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Tipping in Restaurants in the United States: Necessary or Voluntary? Posted by on Jan 19, 2012 in Culture, Travel

Many visitors to the United States do not fully understand our custom of tipping* waiters and waitresses in restaurants.  To help clarify this custom I’ve put together a brief explanation of the importance of tipping and some general guidelines on tipping in restaurant in the United States.  The first thing you should know about tipping in restaurants in the United States though, is that tipping is necessary, not voluntary.

In the United States, most waiters, waitresses, and bartenders in restaurants are paid below the minimum wage. Some restaurants pay their waiters and waitresses as little as $2.00 per hour, but this base pay does vary among states.  These restaurant workers are expecting to make up the difference, between minimum wage and a fair wage, in tips. This means that waiters and waitresses might earn much more than the minimum wage on a busy work night when they get many tips, or far below the minimum wage on a slow work night in a restaurant when they do not receive many tips.  Waiters, waitresses, and bartenders (also called servers or wait staff) are required to pay taxes on the tips they receive.  The tips you give, are not just “extra” money for them, it is part of their salary.

You can leave a tip in cash or if the restaurant or bar accepts credit cards (and most do) you can leave a tip for your server on your credit card bill.  You can leave your tip on the table or hand it to your server, that is up to you, just be sure to leave an appropriate tip somewhere.  So, how much is the right amount to tip?

In restaurants with table service: You should plan to tip about 15% of the bill, but this may depend based on the quality of service you receive.  In most places in the United States 20% is now considered to be a normal tip for “good” service.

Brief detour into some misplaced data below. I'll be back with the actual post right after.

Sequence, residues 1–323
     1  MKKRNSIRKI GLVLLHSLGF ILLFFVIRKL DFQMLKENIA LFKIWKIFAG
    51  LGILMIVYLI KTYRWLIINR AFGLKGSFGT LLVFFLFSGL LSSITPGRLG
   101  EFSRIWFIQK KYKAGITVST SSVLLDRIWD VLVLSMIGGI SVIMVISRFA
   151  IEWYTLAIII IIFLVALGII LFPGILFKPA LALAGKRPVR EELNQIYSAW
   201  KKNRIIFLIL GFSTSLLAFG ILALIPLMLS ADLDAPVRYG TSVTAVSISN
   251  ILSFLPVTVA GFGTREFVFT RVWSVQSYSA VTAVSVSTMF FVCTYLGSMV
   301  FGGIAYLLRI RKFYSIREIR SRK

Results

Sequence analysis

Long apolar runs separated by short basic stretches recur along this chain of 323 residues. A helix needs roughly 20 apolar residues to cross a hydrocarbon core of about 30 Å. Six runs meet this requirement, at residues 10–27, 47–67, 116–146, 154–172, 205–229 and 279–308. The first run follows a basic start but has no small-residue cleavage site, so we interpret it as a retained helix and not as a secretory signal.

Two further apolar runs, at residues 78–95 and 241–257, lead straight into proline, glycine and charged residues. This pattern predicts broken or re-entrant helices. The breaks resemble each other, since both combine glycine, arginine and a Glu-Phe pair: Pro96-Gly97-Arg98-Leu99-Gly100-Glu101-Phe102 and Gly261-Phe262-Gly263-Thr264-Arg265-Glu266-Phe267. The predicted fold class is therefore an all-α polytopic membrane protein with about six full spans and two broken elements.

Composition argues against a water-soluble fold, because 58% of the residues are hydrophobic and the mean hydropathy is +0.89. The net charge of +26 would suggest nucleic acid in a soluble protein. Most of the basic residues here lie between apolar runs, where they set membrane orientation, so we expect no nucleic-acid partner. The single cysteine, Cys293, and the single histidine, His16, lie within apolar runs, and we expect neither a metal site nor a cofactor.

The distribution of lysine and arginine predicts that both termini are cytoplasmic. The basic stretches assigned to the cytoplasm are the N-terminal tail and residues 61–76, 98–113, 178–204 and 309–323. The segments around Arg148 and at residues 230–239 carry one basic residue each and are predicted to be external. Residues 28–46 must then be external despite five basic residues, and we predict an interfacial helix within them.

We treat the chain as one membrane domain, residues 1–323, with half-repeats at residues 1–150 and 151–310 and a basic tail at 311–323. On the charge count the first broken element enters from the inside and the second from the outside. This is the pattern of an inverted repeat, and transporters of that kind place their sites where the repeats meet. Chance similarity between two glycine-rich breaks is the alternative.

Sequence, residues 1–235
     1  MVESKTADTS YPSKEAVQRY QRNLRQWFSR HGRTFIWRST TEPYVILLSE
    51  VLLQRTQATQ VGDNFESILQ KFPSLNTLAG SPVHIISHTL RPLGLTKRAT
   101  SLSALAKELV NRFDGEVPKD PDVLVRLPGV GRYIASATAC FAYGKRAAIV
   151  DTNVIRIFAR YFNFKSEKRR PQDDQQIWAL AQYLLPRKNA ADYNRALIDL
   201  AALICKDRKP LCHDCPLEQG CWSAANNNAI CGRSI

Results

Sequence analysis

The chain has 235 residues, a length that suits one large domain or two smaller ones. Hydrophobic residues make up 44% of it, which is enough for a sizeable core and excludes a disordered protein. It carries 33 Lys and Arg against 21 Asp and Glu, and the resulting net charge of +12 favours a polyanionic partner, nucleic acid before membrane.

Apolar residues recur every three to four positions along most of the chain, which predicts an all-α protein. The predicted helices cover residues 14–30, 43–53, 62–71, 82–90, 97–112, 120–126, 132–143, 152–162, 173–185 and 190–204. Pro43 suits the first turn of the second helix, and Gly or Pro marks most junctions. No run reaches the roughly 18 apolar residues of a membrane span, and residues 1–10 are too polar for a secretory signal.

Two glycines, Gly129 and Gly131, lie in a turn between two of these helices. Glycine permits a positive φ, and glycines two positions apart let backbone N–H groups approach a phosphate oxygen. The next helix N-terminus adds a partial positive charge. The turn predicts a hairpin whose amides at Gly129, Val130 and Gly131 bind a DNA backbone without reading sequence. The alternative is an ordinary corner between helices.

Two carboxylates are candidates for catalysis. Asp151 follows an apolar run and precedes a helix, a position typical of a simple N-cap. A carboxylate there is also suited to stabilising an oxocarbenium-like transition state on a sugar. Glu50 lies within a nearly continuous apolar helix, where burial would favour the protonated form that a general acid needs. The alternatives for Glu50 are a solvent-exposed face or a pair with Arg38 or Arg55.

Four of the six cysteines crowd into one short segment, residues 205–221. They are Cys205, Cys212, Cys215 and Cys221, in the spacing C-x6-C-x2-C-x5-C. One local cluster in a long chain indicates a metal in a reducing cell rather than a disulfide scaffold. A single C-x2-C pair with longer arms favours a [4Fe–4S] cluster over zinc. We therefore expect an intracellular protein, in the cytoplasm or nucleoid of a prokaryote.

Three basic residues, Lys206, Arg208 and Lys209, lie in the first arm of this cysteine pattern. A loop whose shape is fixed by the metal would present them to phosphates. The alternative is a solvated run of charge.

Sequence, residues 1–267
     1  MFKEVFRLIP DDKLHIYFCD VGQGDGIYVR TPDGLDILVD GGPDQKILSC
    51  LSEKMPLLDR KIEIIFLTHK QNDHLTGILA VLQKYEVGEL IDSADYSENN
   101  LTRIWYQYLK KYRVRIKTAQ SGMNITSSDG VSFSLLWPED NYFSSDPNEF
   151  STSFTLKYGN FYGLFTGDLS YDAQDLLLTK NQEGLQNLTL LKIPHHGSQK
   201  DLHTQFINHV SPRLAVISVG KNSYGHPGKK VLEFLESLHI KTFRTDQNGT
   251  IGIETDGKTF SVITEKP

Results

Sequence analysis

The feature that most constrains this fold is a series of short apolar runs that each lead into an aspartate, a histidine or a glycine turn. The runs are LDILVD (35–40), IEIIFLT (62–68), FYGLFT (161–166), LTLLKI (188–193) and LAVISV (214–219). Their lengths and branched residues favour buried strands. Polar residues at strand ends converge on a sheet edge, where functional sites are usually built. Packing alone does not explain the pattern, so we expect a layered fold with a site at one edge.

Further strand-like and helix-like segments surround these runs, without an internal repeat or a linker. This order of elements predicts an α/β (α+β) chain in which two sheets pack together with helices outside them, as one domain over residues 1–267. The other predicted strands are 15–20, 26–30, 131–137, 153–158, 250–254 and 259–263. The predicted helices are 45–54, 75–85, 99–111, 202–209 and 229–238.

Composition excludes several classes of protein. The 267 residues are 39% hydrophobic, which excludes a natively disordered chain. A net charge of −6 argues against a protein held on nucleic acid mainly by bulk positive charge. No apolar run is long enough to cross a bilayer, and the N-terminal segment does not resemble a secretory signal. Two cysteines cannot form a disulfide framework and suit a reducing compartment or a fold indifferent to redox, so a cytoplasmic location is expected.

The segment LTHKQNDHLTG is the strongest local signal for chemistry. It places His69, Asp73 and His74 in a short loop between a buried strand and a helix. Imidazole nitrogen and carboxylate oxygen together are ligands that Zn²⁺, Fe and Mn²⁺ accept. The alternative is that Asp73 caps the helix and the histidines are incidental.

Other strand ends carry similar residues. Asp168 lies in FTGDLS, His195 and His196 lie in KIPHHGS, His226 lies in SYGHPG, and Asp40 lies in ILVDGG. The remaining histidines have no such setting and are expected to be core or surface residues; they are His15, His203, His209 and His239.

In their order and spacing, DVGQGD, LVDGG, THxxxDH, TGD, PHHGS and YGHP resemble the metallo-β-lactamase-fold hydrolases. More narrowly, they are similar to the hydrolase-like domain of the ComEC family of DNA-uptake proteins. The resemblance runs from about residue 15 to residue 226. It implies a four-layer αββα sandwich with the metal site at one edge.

Unlike many countries, in the United States, the amount of tip you should leave is usually not included in the bill you receive.  The exception to this rule is if you are eating in a large group of six or more people.  Then the tip is usually included in your bill, but you can leave more if you want to.

In most larger restaurants in the United States, the server has to pay back a portion of their tips to the bartender, busser**, hostess***, and food runners****.  If you see people other than your server helping with your table those people are being tipped by your server for their work at the end of the night.  In these cases, the tip you leave is being shared by these different people.

In buffet restaurants:  If you eat at a buffet, where there is less service to you by wait staff a tip of 10% of the bill is generally given.  Remember, even at buffets the wait staff is still working to bring food to the buffet, to bring your drinks, and to clear your plates.  Also, the minimum tip at a buffet should be $1 per person, do not leave only cents for a $5.00 buffet bill.

Fast food restaurants:  These establishments often have tip jars out for you to put money in, but you are not required to tip.  At these restaurants it is up to you to decide if you want to leave a tip or not.

Bartenders: It is best to give bartenders $1 – $2 per drink when you order a drink at the bar or 15-20% of the total bill if you are keeping a tab and paying your bill at the end of the night.

So, now you know the basics for tipping in the United States, remember it is important to always tip, but also keep in mind if you feel you have not been well-served, you can adjust the tip you give down.

* giving a small sum of money to someone who has performing a service; also called a gratuity
** the person who clears a table of the dirty dishes
*** the person who seats you at your table and/or takes your name for the wait list at restaurant
****the person who delivers your food from the kitchen (if it isn’t your server)

 

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About the Author: Gabriele

Hi there! I am one of Transparent Language's ESL bloggers. I am a 32-year-old native English speaker who was born and raised in the United States. I am living in Washington, DC now, but I have lived all over the US and also spent many years living and working abroad. I started teaching English as a second language in 2005 after completing a Master's in Applied Linguists and a Certificate in English Language Teaching to Adults' (CELTA). Since that time I have taught ESL in the United States at the community college and university level. I have also gone on to pursue my doctorate in psychology and now I also teach courses in psychology. I like to stay connected to ESL learners around the world through Transparent Languages ESL Blog. Please ask questions and leave comments on the blog and I will be sure to answer them.